Small Business Administration loans decrease 84% to Black-owned businesses since Great Recession, Cleveland Business Journal reports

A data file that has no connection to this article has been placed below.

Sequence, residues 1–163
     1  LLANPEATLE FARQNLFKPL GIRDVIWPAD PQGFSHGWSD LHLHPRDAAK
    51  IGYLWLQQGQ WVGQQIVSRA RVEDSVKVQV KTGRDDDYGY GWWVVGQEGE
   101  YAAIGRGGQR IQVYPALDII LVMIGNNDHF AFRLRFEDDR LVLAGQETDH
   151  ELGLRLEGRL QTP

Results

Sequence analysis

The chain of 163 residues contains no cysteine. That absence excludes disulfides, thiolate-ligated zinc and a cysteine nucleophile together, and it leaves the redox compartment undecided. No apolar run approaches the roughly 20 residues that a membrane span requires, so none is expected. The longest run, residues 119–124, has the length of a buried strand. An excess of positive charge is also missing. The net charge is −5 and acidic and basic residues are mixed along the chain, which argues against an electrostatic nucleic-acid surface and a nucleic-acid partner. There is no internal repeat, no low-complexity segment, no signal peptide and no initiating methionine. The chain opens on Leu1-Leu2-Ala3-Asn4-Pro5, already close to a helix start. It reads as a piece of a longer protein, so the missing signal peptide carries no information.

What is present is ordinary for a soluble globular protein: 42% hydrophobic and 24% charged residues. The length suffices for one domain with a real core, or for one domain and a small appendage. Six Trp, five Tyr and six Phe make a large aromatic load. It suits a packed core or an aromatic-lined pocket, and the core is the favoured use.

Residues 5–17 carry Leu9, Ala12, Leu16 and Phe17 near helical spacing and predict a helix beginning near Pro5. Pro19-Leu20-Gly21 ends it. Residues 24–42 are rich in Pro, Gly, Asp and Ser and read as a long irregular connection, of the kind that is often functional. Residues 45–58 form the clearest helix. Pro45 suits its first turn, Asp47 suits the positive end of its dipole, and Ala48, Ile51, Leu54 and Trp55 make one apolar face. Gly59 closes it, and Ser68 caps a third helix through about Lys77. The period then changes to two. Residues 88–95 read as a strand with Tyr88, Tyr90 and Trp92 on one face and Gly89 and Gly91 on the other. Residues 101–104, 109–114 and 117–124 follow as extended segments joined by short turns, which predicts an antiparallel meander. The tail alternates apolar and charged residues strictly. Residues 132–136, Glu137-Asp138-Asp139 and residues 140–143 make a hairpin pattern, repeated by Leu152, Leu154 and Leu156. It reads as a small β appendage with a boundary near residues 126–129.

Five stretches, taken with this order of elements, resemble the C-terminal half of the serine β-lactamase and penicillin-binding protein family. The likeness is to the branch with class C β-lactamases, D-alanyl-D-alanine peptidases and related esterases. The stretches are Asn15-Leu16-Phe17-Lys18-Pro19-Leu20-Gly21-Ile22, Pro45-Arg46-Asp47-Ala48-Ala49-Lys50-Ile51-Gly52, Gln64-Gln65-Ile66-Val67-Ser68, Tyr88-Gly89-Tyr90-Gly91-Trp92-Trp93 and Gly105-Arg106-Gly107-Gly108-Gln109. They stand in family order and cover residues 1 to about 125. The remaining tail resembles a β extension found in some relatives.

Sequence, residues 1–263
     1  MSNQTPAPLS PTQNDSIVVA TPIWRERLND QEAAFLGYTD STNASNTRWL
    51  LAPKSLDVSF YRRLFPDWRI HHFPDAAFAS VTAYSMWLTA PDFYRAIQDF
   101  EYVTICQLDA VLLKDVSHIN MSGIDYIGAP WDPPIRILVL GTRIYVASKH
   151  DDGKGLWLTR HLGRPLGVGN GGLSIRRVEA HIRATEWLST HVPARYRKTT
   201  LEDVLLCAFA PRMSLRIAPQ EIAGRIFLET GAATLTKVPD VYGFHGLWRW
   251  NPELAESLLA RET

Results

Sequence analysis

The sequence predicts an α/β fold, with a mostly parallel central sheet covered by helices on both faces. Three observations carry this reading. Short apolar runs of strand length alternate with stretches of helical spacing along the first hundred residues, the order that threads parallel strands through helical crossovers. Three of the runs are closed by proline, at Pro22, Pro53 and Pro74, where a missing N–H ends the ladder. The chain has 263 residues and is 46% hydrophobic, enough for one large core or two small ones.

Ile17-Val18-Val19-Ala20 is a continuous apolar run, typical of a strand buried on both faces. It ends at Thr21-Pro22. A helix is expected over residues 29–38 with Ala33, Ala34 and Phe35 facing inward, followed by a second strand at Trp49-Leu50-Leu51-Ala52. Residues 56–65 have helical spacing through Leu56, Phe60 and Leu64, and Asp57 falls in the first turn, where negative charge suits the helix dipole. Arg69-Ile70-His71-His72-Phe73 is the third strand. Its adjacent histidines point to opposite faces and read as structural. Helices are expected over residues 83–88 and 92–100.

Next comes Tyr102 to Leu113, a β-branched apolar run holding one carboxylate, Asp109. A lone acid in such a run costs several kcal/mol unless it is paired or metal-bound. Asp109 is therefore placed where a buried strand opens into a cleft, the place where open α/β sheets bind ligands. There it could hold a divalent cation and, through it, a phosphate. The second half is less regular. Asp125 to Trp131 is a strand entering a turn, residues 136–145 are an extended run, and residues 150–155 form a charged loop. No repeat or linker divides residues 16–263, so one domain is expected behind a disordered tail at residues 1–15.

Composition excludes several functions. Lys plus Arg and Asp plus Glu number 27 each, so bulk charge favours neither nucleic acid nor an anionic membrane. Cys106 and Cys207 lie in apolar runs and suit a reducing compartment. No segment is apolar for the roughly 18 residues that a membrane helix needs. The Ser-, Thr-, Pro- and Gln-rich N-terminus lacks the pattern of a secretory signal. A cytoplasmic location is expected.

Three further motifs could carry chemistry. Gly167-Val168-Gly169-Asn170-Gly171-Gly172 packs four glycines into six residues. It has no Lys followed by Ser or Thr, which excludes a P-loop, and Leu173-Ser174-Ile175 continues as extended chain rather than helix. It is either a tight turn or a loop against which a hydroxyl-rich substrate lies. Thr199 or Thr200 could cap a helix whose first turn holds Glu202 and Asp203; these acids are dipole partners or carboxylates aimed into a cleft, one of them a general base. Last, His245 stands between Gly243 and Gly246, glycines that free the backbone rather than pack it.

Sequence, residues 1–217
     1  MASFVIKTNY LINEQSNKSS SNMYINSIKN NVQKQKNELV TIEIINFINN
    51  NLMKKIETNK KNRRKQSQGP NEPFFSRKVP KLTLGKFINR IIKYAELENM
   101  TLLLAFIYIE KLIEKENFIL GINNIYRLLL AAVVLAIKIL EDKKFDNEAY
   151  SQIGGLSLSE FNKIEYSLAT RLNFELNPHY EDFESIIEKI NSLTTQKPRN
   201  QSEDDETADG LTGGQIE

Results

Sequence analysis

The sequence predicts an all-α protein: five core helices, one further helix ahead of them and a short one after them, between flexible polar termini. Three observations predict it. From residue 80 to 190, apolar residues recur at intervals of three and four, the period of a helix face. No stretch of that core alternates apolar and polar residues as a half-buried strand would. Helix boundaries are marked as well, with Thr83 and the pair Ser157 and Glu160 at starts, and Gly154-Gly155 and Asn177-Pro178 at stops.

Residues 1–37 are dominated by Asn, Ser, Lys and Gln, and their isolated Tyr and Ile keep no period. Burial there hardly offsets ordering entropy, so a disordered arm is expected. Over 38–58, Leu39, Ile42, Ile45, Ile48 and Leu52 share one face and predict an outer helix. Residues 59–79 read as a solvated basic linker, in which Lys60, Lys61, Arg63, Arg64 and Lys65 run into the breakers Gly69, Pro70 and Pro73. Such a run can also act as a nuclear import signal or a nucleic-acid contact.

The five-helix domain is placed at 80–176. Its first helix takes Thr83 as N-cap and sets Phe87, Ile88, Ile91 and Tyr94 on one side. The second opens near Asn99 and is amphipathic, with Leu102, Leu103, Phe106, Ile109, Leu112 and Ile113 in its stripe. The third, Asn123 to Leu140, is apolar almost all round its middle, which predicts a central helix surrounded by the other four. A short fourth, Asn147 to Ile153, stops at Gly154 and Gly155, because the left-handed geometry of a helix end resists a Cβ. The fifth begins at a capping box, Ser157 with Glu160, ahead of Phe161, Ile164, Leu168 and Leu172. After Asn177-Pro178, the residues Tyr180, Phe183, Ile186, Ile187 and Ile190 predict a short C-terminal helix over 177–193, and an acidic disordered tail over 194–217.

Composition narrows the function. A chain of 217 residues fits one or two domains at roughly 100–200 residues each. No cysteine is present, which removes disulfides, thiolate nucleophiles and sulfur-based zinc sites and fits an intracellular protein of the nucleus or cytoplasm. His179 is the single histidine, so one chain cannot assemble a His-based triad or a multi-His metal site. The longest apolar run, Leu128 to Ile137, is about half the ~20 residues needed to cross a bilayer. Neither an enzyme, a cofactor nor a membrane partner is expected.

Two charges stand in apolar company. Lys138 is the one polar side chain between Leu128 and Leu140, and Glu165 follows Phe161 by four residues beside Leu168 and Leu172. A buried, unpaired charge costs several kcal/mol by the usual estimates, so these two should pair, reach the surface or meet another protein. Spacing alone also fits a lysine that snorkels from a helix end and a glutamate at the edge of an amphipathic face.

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CLEVELAND, Ohio — The Small Business Administration has decreased its loans given to Black-owned businesses 84% since peaking before the Great Recession, according to research by the Cleveland Business Journal.Across the country, cleveland.com’s sister company, The Business Journals, analyzed lending and demographic data and found small businesses in majority-Black census tracts have less access to bank loans than businesses in majority-white tracts.For example, the 10 largest majority-white Census tracts in Cuyahoga County received 1,439 federal small business loans in 2018, worth nearly $22 million, or about $366 per resident. The 10 largest majority-Black Census tracts received 504 loans, worth nearly $8 million, or about $182 per resident.The Business Journals analyzed lending data for the federal 7(a) program, a flexible multi-purpose loan that can be used for small and large businesses.The number of loans decreased 84% to Black-owned businesses from 2007 to 2019, the Business Journal reported. Over the same period, all 7(a) loans dropped 53%.In 2019, Black businesses received 3% of the Small Business Administration’s $23.2 billion in loans.The country’s four biggest banks — Chase, Bank of America, CitiBank and Wells Fargo — made a combined 334 loans to Black-owned businesses in 2019, a 91% decrease compared to 2007.Bank of America awarded the most with 263, and CitiBank made the fewest …

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